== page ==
Rebuilding never ends in the NFL

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On the surface, rebuilding sounds like a straightforward strategy for a rundown NFL franchise: hire new management, cut the payroll, recruit some young people, and come back as a contender in a year or two.

Every Jets or Giants fan knows that it is seldom that easy. There’s a lot more to rebuilding a soccer team than following the directions on the side of the box. NFL rebuilding projects go through seven different phases, each with their own rules, rituals, and potential pitfalls. One wrong move can keep a franchise trapped for decades.

Phase 1: rejection

The first step is to admit that it is necessary. That can take several years, as NFL franchises often delude themselves that the defense that led them to wildcard fame in 2017 is still effective despite 31 points per game, or that their legendary quarterback’s shoulder isn’t like a rusty hinge creaks when he tries a screen pass.

The Giants denied it at the end of Eli Manning’s career. The Pittsburgh Steelers are now in the same spot with Ben Roethlisberger. The New England Patriots deny it, but no one has the guts to confront Bill Belichick. And all communications with the Houston Texans were cut months ago, so the worst is safe to say.

Phase 2: transition

A real remodel would start with hiring a new general manager and head coach at the same time to look for a franchise quarterback. Unfortunately, a more typical remodel begins with a new general manager waiting a year before choosing their head coach, who spends a year “evaluating” a lame quarterback who is replaced by a rookie whose early career struggles cost the coach his or her own His successor spent a year sandbagging the general manager so he could hire an ally. The result is a self-sustaining cyclone of conflicting leadership agendas. For evidence of the impact this has on a team, see Jets: Ford Late Administration Through Last Sunday.

Phase 3: preparation

A franchise needs room for the salary cap and additional draft picks to revamp its list.

The Philadelphia Eagles entered phase three in February when they traded quarterback Carson Wentz to the Indianapolis Colts. The Eagles will spend this year eating ramen noodles as they pay off over $ 57 million in outstanding debt, but several first-round picks over the next year could be worth the sacrifice.

Cap-relief transactions have become so common that fans of teams that are constantly rebuilding themselves often fight for them instead of wins as a coping mechanism. We just lost 42-6, but we traded the linebacker on the $ 30 million contract for a pick for the sixth round in 2024. Let’s throw a tailgate party!

Phase 4: cultural change

The cultural change begins with the baroque table football ceremony. If the incoming head coach finds such a table in the locker room, it will be removed to signal that it is time to seriously win. When there isn’t a foosball table, one is installed to signal the time has come to treat players like men. At some franchises, the equipment manager who moves the foosball table has greater job security than the owner’s son.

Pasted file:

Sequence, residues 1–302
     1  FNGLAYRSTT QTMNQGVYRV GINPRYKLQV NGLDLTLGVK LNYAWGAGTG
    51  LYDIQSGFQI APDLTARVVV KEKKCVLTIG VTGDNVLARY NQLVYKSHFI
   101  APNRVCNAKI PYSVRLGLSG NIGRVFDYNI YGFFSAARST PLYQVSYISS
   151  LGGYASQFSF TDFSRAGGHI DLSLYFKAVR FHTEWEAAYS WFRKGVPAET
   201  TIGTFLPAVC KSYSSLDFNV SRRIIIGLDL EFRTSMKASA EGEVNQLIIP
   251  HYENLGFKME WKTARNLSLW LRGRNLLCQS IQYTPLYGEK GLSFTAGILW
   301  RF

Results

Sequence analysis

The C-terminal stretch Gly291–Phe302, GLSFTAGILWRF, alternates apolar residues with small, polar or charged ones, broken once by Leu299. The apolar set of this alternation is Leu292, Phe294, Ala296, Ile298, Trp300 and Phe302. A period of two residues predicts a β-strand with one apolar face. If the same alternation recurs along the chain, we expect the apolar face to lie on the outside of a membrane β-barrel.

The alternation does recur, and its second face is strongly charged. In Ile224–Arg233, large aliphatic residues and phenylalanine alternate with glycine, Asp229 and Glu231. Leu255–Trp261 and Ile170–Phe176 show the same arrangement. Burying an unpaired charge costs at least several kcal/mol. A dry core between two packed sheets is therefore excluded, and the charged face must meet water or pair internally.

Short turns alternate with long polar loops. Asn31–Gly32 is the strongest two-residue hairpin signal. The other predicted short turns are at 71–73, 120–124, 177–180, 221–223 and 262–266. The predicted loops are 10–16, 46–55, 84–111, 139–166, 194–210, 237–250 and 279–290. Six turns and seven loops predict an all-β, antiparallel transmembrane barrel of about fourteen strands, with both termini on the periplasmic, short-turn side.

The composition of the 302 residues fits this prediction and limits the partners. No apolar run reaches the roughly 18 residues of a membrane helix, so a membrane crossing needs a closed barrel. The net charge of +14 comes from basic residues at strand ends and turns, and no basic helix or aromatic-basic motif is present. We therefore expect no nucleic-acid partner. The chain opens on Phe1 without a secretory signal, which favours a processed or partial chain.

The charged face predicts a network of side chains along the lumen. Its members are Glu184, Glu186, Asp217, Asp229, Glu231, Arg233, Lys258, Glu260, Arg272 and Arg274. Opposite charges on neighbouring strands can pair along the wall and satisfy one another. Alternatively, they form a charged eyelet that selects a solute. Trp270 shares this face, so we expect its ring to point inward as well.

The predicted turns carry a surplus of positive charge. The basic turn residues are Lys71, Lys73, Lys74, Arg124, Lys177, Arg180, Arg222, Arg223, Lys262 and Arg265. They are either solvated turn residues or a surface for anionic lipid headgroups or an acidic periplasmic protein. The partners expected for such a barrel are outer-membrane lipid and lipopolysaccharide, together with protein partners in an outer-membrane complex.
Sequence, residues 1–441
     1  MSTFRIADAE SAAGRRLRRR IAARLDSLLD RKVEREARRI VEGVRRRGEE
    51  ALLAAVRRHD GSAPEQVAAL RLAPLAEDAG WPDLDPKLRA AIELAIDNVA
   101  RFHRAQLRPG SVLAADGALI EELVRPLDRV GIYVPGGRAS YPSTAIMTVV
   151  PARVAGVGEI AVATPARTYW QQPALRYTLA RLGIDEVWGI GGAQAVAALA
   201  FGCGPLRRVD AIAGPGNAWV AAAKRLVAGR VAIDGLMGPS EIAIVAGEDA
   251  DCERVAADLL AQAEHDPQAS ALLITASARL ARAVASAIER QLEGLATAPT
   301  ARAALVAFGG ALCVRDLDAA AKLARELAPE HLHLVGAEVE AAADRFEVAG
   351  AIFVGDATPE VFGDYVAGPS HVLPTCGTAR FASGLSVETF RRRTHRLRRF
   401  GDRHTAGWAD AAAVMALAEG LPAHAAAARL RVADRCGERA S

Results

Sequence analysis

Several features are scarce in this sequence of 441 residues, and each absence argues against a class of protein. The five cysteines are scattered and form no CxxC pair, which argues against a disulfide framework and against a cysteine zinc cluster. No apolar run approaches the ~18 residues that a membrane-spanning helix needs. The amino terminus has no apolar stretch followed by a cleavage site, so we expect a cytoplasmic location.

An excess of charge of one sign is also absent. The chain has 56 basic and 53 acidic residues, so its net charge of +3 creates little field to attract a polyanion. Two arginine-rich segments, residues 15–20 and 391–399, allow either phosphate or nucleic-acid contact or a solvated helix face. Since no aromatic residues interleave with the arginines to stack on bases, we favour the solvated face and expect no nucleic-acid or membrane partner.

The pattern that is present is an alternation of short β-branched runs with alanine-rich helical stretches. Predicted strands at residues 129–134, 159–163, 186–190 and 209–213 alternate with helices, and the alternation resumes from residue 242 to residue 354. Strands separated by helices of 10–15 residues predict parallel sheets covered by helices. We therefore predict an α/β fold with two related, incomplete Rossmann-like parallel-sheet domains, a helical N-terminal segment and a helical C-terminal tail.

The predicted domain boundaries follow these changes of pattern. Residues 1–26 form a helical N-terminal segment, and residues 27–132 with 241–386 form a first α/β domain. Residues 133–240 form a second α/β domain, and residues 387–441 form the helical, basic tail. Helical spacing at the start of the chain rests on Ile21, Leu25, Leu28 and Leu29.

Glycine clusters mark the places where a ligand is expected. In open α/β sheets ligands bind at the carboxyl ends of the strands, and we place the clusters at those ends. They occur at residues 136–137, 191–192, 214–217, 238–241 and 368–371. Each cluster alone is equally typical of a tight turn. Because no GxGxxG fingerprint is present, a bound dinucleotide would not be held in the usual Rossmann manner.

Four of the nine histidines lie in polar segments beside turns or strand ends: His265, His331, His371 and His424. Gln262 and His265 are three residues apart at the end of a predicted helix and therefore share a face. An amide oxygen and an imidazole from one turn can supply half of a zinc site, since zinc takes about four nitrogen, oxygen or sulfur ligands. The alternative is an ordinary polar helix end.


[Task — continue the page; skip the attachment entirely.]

The cultural change also requires the invocation of mantras such as “aggressiveness” and “accountability” by the new regime. Detroit Lions coach Dan Campbell even said at his introductory press conference that he would like his players to “bite off a kneecap,” but there is no evidence that NFL culture change ceremonies involve real cannibalism. Or any meaningful change in culture.

Stage 5: False Hope

The Giants nearly reached the playoffs last year when the entire NFC East fell into bitter failure and shame. The jets went 10-6 in 2015 thanks to journeyman with career years. The Jacksonville Jaguars made the playoffs in the 2017 season and almost went up in flames like a vampire entering church. False hope is faking recovery teams that they are a player away from the Super Bowl and that that player is somehow Nick Foles.

False hope is easy to distinguish from actual improvement: it is almost always based on narrow victories under changeable circumstances against weak opponents. Unfortunately, coaches and executives who benefit from a short burst of success have nothing to gain from honest self-assessment. Therefore, false hope inevitably leads to …

Phase 6: allegations

The Miami Dolphins hired coach Brian Flores in 2019 (phase two). They traded veterans for additional first-round picks (phase three). Flores spent his first year establishing a winning culture by telling his players to be “tough, smart and aggressive” because no one else had thought of it (stage four). The Dolphins won 10-6 in 2020, with multiple wins against weak opponents like the Jets and the Jaguars (stage five).

The dolphins are now 1-5. Recent drafts have been disappointing, sophomore quarterback Tua Tagovailoa has been sluggish at best, and Flores has already gone through several offensive coordinators. History tells us that Flores and General Manager Chris Grier attack their subordinates, then Tagovailoa and then each other in a frenzy of villainy that makes Game of Thrones look like Paw Patrol if the dolphins don’t get better quickly . “

The Cleveland Browns staged the kind of coup the Dolphins berthed roughly every 18 months for the entire 21st berth.

Phase 7: rinse and repeat

The Giants will roll every day until the end of the Dave Gettleman / Joe Judge era. Lions are rebuilding on the rubble of failed rebuilds. The Jaguars started with Urban Meyer in 2021 and will likely start in 2022 with a head coach who is acting less like a Will Ferrell character. The jets are the jets are the jets.

Unfortunately, the most likely end result of an NFL rebuilding cycle is different. Fans of teams in trouble should expect another round of coach changes, liquidation sales of veterans and repositioned table footballers.

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